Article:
Loss on drying experiment of hop was performed in an oven (VD20 Binder, Huber) 105 °C for 2 h (Pharmacopoea europaea (Ph. Eur.) 2.2.32) (Ph. Eur., Loss on Drying (2.2.32) 2018). Cannabis samples were placed in weighing flasks and were dried to constant mass at 60 °C.

Stability of cannabinoids was tested in an oven (VD20 Binder, Huber) at 100 °C and under UV light (Honle, Sol 2, 350–700 nm). For the heat stability experiment, the sample was placed in weighing flasks. For the UV stability, one weighing flask was covered with aluminum foil and the other was exposed to UV light. For both stability experiments, 20 mg of sample was taken from each of the flasks at indicated time points and was analyzed. At indicated time points, 20 mg of sample was taken from each of the vials and analyzed. All stability experiments were performed in duplicate.

HPLC conditions.

Analytical standards were obtained from Lipomed (Reinach, Switzerlanf). Formic acid (FA), methanol (MeOH), ethanol (EtOH), and acetonitrile (ACN) were obtained from Merck (Darmstadt, Germany) and were of LCMS grade. Pure-water was generated from an in-house water purification system from Labtec (Villmergen, Switzerland). For all experiments, Gilson DIAMOND tips were used. Hop strobiles ( Humulus lupulus L . ) were obtained from local pharmacies. CBD-hemp tobacco samples were purchased from several licensed producers within Switzerland. The Forensic Institute Zurich (Zurich, Switzerland) provided 12 forensic cannabis samples.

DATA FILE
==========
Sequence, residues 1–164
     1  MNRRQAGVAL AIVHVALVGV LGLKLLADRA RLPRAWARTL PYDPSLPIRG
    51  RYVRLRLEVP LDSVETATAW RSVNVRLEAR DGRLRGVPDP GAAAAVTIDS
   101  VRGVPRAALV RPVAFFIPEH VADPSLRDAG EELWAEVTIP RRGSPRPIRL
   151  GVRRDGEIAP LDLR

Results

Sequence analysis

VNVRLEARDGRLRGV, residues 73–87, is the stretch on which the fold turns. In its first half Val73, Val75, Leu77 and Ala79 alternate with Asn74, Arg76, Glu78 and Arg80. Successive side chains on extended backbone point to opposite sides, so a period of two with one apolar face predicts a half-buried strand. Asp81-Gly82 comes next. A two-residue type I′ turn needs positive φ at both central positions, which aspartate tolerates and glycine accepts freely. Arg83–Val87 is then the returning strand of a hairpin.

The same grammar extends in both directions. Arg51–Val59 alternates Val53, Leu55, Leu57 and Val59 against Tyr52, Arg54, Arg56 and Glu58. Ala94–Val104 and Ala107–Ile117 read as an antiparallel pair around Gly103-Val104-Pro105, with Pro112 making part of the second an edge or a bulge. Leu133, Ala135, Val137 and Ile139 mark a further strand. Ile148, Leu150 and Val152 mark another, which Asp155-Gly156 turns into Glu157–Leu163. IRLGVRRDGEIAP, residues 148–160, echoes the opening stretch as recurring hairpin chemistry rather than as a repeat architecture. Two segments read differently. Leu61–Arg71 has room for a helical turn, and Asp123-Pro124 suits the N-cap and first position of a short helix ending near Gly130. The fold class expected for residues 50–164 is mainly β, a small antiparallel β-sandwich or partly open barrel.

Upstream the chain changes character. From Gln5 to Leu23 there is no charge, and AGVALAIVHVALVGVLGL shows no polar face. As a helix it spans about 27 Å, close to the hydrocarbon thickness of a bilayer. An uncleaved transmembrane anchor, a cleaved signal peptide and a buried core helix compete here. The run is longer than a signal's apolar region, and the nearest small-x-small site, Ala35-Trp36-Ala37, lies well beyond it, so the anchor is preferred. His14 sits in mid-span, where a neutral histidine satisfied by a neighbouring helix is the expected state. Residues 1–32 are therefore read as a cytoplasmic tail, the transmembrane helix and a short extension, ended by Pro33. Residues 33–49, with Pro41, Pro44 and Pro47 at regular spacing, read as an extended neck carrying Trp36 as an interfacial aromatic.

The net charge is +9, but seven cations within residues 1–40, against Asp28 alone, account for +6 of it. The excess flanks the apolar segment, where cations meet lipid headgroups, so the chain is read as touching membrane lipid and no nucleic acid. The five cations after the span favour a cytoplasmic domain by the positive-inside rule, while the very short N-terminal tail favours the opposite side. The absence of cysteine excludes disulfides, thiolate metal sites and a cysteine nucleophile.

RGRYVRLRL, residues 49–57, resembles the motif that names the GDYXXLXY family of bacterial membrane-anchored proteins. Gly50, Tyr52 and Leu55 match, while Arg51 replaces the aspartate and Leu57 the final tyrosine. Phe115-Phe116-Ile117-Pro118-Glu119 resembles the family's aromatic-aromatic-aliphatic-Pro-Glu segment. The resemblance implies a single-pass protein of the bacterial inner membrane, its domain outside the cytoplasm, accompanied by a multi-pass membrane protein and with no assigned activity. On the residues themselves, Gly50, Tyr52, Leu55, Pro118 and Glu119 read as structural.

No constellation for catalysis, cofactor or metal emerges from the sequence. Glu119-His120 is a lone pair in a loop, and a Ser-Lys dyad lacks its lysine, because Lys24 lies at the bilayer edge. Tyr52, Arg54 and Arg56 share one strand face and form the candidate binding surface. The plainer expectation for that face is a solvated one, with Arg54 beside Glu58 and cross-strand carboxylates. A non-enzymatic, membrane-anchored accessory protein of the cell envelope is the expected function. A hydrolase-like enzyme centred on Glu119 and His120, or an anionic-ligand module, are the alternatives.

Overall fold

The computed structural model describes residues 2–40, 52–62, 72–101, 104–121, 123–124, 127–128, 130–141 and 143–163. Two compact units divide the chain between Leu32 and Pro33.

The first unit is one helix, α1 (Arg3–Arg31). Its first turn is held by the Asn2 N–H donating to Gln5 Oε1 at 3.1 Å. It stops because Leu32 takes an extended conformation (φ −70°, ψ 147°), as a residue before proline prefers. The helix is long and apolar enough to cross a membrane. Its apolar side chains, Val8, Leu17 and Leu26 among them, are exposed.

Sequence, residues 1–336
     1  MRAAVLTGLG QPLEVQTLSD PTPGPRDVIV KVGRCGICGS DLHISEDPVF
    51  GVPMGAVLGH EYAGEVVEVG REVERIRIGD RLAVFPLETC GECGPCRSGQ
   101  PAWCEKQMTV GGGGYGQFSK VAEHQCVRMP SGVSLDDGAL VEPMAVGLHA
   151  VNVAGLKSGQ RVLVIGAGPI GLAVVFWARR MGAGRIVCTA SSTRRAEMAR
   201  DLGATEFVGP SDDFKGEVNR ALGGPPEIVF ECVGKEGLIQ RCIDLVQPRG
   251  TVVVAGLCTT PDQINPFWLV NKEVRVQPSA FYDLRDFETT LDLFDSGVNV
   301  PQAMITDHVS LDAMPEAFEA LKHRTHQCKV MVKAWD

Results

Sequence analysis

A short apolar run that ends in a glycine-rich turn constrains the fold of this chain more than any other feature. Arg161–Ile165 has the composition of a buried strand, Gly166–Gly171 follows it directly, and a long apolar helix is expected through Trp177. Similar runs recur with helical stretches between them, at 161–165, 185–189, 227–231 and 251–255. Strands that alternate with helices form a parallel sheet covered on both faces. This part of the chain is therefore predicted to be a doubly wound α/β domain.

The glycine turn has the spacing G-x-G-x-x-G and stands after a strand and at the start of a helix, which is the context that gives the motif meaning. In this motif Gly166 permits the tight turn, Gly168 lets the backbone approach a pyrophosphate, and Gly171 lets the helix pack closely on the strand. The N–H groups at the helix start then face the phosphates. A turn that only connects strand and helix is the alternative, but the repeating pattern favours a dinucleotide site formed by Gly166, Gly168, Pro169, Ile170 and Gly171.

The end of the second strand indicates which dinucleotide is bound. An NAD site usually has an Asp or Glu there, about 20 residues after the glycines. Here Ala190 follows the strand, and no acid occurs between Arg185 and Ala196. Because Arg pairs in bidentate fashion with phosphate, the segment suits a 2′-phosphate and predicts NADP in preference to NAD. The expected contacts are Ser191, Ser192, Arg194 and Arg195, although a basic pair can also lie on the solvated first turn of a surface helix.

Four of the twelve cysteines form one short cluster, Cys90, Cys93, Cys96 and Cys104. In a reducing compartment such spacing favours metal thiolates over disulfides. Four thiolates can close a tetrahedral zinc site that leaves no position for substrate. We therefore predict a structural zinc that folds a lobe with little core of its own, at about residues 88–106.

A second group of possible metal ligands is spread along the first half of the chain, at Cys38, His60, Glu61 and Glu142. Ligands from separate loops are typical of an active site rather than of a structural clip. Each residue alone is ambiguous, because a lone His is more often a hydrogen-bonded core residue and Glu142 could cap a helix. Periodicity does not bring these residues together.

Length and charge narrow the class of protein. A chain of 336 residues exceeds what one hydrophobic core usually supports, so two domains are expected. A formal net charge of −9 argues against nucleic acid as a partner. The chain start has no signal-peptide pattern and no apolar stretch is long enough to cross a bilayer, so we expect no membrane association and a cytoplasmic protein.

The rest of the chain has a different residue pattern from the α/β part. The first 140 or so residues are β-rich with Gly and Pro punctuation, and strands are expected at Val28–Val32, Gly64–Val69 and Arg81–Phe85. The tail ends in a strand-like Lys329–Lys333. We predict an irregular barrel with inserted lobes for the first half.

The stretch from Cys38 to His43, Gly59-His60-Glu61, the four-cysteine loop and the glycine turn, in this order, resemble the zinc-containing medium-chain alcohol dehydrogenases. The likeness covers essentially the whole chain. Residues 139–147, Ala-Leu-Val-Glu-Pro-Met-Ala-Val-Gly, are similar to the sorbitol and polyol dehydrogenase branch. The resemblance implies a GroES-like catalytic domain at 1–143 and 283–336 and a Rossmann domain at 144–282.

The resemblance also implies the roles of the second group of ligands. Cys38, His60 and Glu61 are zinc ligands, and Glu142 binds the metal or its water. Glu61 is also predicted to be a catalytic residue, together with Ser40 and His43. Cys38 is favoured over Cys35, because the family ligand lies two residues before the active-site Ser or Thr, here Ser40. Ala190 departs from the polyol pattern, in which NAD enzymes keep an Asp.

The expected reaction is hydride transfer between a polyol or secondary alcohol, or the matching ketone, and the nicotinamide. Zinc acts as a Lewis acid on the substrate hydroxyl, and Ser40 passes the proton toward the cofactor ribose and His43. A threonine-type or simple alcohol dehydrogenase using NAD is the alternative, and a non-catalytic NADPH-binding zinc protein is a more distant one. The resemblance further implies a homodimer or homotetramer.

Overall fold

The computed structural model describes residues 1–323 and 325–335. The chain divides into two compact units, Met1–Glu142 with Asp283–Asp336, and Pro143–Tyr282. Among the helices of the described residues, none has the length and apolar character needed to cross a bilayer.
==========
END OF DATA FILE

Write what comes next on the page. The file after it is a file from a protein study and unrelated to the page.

Extraction efficiency (EE) was determined in triplicate extracting CBD and THC rich samples three times.

Reversed-phase chromatography was done using a HITACHI ChromasterUltra UHPLC system consisting of a 6270 autosampler, a 6310 column oven, a 6170 binary pump, and a 6430 Diode Array Detector. For peak integration, Agilent EZChrom Elite was used. The final liquid chromatography analysis was performed on a Phenomenex Kinetex XB-C18 column (150 × 2.1 mm, 1.7 μm) applying gradient elution, pure-water (with 0.1% formic acid), and acetonitrile (with 0.1% formic acid) as the organic phase. The injection volume was 5 μL, and the dwell volume of the UHPLC system was 0.7 mL. The column-oven temperature was set to 50 °C, and the flow rate was 0.8 mL/min. Monitoring of all cannabinoids was done at λ = 220 nm.

Biosynthetic pathway of selected cannabinoids.